BMA moves to neutral stance on assisted dying

by Neil Hallows

The BMA is to adopt a neutral position on assisted dying, while also insisting doctors must have legally protected rights to object conscientiously to participating, should there be a change in law in the UK.

Location: UK
Last reviewed: 14 September 2021

Doctors and medical students at the BMA annual representative meeting passed, by a narrow majority, a motion which said: ‘In order to represent the diversity of opinion demonstrated in the survey of its membership, the BMA should move to a position of neutrality on assisted dying including physician-assisted dying.’

The motion was carried by 49 per cent of representatives, with 48 per cent against and 3 per cent abstaining.

This supersedes the association’s previous policy of opposing assisted dying, which had been in place since 2006. Being neutral means the BMA will not support or oppose a change in the law.

Separately, the BMA representative body passed another motion calling for ‘robust conscience rights’ to be included in any future legislation on assisted dying in the UK, meaning healthcare workers should be able to object conscientiously to participating in assisted dying.

The move to a position of neutrality comes after the association polled its membership on the issue last year. When asked about a change in the law to permit doctors to prescribe life-ending drugs to eligible patients, the survey found:

  • 40% of surveyed members said the BMA should actively support attempts to change the law, one in three (33%) favoured opposition and one in five (21%) felt the BMA should adopt a neutral position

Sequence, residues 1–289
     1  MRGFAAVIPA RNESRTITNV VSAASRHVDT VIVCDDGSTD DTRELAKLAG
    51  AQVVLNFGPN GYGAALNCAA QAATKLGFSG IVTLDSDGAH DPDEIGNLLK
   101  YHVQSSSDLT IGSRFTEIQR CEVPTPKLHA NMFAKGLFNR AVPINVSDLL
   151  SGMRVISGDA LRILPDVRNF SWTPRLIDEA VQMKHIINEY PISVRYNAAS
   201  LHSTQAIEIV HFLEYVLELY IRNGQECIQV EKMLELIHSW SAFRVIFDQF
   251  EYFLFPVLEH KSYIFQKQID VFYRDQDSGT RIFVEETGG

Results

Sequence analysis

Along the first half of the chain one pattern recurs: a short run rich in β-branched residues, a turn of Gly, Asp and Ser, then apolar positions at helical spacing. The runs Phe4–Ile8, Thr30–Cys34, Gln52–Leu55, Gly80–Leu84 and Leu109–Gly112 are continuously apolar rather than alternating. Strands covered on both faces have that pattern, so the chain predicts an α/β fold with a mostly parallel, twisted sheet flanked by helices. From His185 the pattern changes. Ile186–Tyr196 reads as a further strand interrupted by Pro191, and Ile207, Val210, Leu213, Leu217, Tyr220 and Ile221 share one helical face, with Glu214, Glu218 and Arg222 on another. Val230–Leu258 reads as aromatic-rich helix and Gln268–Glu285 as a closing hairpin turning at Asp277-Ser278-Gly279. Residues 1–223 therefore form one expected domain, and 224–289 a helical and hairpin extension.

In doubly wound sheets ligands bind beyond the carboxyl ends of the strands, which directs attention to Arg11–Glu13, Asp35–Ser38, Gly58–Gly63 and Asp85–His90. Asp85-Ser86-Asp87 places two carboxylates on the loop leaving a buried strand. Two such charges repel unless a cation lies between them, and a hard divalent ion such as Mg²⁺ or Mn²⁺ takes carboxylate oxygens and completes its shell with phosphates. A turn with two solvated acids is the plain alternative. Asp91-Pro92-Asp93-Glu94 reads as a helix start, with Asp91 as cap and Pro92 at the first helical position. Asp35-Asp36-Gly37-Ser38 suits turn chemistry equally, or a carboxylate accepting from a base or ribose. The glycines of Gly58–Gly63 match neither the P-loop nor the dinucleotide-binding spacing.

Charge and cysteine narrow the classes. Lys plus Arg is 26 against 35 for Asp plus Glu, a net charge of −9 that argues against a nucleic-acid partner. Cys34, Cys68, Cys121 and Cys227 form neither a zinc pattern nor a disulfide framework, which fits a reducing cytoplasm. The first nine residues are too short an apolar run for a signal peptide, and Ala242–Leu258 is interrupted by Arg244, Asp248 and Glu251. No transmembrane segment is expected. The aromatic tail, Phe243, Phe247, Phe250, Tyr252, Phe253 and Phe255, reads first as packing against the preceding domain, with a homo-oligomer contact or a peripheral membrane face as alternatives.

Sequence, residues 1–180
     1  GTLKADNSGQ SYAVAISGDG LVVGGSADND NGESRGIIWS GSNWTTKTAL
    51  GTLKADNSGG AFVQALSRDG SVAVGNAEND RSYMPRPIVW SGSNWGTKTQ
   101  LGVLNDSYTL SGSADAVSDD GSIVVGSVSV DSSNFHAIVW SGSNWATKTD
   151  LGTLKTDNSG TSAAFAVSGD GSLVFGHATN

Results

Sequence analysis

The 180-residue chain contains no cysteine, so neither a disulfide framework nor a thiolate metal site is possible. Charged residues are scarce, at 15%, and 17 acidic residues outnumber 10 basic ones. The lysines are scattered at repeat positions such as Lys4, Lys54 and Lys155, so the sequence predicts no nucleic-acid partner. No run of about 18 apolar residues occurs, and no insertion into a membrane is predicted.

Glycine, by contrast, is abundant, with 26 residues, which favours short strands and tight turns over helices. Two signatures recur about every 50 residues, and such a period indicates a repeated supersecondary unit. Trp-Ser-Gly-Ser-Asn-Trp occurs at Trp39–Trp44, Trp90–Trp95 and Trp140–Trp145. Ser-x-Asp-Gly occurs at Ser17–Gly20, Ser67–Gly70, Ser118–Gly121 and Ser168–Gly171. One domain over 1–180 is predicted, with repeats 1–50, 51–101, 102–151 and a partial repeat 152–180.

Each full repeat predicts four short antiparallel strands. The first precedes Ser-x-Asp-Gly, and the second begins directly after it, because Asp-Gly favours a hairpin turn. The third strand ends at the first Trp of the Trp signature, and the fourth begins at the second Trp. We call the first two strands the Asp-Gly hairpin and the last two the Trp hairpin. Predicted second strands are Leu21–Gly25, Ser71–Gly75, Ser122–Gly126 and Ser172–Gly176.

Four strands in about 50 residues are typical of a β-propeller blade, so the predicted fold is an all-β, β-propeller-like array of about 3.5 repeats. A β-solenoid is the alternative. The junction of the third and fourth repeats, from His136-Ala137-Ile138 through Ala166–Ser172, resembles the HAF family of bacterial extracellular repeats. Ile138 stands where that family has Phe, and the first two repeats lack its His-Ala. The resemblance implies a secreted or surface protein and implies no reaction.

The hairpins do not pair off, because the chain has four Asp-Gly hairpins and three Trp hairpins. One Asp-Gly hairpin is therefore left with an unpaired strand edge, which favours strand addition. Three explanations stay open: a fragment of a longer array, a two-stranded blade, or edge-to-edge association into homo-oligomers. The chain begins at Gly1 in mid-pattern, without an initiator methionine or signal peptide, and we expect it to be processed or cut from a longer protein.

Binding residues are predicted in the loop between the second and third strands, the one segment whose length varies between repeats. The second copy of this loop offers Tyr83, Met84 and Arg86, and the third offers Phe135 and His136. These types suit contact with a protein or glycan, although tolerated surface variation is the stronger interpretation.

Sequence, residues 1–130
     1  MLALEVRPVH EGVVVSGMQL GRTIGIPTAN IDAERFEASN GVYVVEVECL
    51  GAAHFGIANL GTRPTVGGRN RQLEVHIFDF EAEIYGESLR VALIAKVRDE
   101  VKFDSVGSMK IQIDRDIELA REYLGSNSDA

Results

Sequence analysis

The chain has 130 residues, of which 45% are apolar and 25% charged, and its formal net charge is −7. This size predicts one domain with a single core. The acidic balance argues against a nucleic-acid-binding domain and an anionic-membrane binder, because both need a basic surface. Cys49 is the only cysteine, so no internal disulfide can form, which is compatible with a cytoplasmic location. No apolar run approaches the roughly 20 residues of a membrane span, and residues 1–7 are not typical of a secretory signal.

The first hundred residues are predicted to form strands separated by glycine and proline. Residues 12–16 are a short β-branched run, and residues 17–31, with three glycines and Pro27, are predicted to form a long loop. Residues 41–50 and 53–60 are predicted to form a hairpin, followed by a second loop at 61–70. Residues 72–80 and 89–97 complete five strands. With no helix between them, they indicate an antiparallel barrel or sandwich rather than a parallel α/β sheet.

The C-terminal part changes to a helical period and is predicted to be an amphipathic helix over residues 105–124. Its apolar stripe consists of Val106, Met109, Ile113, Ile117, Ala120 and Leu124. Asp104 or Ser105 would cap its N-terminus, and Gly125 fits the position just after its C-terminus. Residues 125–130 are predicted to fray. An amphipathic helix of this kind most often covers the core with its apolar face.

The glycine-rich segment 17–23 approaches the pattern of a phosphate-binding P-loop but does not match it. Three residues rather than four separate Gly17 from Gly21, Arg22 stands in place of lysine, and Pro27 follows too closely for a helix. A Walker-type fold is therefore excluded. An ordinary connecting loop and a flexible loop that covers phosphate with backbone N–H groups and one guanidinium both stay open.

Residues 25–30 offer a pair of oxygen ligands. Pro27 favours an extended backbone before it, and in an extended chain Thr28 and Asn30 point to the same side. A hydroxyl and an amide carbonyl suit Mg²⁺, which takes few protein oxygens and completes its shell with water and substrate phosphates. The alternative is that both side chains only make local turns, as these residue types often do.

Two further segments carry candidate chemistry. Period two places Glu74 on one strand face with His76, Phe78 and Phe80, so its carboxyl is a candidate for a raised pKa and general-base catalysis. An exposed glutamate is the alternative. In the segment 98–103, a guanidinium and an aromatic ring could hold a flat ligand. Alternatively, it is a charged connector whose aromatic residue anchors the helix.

• Half (50%) of surveyed members personally believed that there should be a change in the law to permit doctors to prescribe life-ending drugs. 39% were opposed, with a further 11% undecided.

Appropriate position

CHISHOLM: Rights to object

BMA medical ethics committee chair John Chisholm said: ‘Assisted dying is a highly emotive and sensitive topic that inspires a broad spectrum of views and opinions both across the wider public and among the medical profession, for whom any change of law would have a profound impact.

‘As evidenced by the results of our recent survey of the profession and in today’s in-depth debate, doctors have a wide range of personal views on this important issue, and as such representatives have decided that the most appropriate position for the BMA, as the professional body which represents all doctors and medical students in the UK, to hold is to be neutral on the topic.

‘This is an important day for the BMA and the medical profession, clearly demonstrating that we as an organisation are listening to our wider membership on such a crucial issue, and developing policy based on their valuable feedback.

‘Moving to a position of neutrality means that the BMA will not lobby for or against a change in the law, but far from remaining silent on the issue, we will continue to represent the views, interests and concerns expressed by our members.’

On the need for healthcare workers to have the right to object conscientiously to participation, Dr Chisholm added: ‘Indeed, as with many other issues that ignite such deeply held personal beliefs in healthcare staff, it is vital that these are respected and protected should there be any change in law.

‘The need for the right of doctors to conscientiously object to participation in physician-assisted dying was something that was made overwhelmingly clear not just in today’s discussions, but also in the results of our survey, which found that 93% of respondents supported this.’